President-elect Barack Obama and Sen. John McCain are meeting Monday for the first time since the presidential election to talk about how they can work together on problems facing the country.
The former rivals will sit down at the Obama transition headquarters in Chicago, Illinois.
The meeting comes as Obama is trying to fill out his Cabinet with the most capable people and show he can reach across party lines.
Obama aides have said the president-elect is expected to focus on common ground issues, like climate change and ethics reform, in Monday's meeting.
The two are not expected to talk about any possible Cabinet position for McCain, according to both McCain and Obama advisers.
In Obama's first television interview since the election, he told CBS' "60 Minutes" that the global economic crisis provides an opening for the two parties to come together.
"You actually have a consensus among conservative, Republican-leaning economists and liberal, left-leaning economists. And the consensus is this: that we have to do whatever it takes to get this economy moving again, that we're going to have to spend money now to stimulate the economy," Obama said on the program, which aired Sunday.
The last time Obama and McCain appeared together was in a debate during the bruising campaign season.
They will be joined at Monday's meeting by Sen. Lindsey Graham, R-South Carolina, and Obama's new chief of staff, Rahm Emanuel.
Ed Rollins, a Republican strategist and CNN contributor, said he expects the former rivals to "bury the hatchet" when they meet.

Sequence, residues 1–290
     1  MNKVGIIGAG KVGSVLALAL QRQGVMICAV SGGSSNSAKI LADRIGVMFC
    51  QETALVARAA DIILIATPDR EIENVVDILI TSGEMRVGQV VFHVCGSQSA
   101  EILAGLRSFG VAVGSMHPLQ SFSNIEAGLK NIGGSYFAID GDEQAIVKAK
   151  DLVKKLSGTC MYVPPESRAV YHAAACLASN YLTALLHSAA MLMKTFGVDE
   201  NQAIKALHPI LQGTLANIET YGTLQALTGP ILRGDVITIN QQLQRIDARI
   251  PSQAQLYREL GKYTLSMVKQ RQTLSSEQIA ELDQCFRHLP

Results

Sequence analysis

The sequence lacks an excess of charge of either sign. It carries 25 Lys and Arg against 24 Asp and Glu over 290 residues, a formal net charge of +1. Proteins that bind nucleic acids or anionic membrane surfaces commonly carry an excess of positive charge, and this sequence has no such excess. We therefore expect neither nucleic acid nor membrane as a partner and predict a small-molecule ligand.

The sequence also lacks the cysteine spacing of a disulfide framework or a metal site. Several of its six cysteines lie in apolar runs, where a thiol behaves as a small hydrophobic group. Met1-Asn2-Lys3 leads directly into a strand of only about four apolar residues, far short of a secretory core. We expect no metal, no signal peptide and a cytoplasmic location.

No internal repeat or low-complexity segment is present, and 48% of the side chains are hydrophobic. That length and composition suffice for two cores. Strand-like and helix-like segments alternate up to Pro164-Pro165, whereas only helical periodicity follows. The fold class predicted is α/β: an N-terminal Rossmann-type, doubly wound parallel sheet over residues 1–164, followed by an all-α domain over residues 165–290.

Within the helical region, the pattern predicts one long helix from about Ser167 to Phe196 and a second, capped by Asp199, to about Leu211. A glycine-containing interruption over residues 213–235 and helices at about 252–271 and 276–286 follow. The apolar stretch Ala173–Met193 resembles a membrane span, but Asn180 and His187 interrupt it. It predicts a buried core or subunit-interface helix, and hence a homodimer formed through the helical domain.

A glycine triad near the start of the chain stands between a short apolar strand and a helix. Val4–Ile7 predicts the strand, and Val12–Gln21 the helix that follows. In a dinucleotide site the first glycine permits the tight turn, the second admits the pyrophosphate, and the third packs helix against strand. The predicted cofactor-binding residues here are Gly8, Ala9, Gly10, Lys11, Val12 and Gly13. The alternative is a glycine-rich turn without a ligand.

"I think John McCain can serve a very important role as a liaison in the Congress to Republicans, and I think he'll be willing to do that," Rollins said.
Obama last week met with two former rivals for the Democratic nomination -- Sen. Hillary Clinton and Gov. Bill Richardson -- about the secretary of state position in his administration, sources told CNN .
Rollins said Obama's meeting with Clinton "makes the Democratic Party very powerful."
"I think it shows Barack Obama's a bigger man than most people in the sense that he's willing to take the person who gave him a real race for his money into his Cabinet," he said.
Obama's transition team has made public some key staff appointments, but no Cabinet positions have been announced.
Republicans have praised the prospect of Clinton becoming secretary of state.
Henry Kissinger, who was secretary of state in the Nixon and Ford administrations, said Clinton would be an "outstanding" selection, Bloomberg News reported.
GOP Sen. Jon Kyl of Arizona told Fox News, "She's got the experience; she's got the temperament for it."
And California Gov. Arnold Schwarzenegger told ABC it would be a "great move."
A new poll suggests that most Americans are confident that the president-elect will make the right decisions when it comes to picking his top officials.
Forty-three percent of those questioned in a CNN/Opinion Research Corporation survey released Monday morning are very confident that Obama will make the right choices, with 34 percent somewhat confident and only 23 percent not confident.